French judge defends handling of botched pedophilia case at inquiry Krystal MacIntyre at 3:02 PM ET
[JURIST] French Judge Fabrice Burgaud told a parliamentary inquiry [hearing materials, in French] Wednesday that he had not acted incorrectly when investigating pedophilia charges in the French town of Outreau. Thirteen people were wrongly convicted of pedophilia and spent 16-39 months in jail before all the convictions were finally overturned [JURIST report] late last year after the accuser admitted that her accusations were false [JURIST report]. The French justice system has been widely criticized for its handling of the case [JURIST report], with many questioning why court magistrates accepted the accuser's testimony and that of her children despite the inconsistencies in their testimony.
The cross-party committee investigating the case consists of thirty deputies seeking to reform the French justice system so that similar mishaps do not occur, and will address several issues pertaining to the investigation. Several wrongly accused victims were present at the questioning, accusing Burgaud of seeking to establish guilt without listening to arguments in defense of the accused. Burgaud, who was responsible for investigating the charges and recommending whether to prosecute, has maintained that he followed the letter of the law and has refused to offer an apology to the wrongly convicted. AFP has more. France's Le Monde has local coverage [in French].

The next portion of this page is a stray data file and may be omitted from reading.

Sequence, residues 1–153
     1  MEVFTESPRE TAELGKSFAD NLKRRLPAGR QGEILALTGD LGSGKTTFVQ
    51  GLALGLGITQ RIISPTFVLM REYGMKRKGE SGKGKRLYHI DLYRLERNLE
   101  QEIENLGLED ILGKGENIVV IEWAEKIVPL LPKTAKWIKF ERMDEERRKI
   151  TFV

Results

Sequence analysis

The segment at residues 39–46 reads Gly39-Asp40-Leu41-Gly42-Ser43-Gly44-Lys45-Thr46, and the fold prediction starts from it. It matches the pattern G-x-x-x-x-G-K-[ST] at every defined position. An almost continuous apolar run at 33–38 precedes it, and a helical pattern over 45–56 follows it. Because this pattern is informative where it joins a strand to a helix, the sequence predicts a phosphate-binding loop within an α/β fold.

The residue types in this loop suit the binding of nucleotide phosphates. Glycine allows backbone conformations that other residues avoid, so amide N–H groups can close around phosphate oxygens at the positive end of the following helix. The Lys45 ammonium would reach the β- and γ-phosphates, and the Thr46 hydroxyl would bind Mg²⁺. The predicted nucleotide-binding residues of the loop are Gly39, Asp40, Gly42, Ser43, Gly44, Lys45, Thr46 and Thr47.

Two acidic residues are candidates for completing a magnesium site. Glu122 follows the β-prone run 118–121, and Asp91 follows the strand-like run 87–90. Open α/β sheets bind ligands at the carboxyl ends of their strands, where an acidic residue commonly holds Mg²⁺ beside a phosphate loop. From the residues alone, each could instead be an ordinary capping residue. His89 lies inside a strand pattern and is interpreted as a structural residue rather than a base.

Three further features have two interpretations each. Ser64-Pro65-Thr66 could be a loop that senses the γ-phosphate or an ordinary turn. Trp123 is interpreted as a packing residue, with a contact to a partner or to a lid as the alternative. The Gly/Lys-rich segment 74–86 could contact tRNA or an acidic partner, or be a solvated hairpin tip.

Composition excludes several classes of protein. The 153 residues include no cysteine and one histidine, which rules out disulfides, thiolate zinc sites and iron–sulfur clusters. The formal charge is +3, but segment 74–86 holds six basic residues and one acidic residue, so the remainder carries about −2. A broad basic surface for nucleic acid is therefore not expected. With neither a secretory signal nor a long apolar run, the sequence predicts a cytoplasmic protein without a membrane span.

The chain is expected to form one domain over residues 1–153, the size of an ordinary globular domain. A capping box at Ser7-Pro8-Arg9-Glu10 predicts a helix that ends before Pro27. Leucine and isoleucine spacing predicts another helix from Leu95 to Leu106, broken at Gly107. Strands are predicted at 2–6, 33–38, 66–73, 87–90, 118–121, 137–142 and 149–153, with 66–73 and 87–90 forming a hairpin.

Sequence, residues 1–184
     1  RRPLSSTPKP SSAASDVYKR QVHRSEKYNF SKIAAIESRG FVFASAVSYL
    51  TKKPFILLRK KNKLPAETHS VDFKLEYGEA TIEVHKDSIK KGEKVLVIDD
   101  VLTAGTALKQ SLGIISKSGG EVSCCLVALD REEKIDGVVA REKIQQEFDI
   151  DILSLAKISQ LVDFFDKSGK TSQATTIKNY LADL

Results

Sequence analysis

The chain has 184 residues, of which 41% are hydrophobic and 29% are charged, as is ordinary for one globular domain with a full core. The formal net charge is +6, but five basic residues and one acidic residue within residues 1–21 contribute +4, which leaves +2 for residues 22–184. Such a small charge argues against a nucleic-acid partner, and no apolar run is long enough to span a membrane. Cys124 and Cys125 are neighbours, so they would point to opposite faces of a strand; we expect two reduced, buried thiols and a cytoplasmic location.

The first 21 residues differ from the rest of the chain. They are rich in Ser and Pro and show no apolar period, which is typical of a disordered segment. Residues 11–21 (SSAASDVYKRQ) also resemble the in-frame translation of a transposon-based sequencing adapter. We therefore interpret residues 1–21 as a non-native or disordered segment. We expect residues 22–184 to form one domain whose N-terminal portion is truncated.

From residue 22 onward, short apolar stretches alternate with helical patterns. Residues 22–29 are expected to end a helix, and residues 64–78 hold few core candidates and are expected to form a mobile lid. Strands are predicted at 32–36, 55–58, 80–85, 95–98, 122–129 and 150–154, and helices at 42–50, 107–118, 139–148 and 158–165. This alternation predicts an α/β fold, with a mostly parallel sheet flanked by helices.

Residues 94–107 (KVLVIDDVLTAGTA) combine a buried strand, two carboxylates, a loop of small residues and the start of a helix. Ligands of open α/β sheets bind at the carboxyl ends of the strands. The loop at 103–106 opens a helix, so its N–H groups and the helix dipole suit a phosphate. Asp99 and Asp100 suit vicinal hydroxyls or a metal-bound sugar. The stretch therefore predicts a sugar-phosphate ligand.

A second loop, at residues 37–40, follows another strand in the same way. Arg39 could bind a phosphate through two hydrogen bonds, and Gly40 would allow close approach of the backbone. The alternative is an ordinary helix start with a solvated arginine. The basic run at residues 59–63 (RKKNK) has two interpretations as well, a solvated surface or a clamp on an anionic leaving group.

Paper Chase is JURIST's real-time legal news service, powered by a team of 30 law student reporters and editors led by law professor Bernard Hibbitts at the University of Pittsburgh School of Law. As an educational service, Paper Chase is dedicated to presenting important legal news and materials rapidly, objectively and intelligibly in an accessible, ad-free format.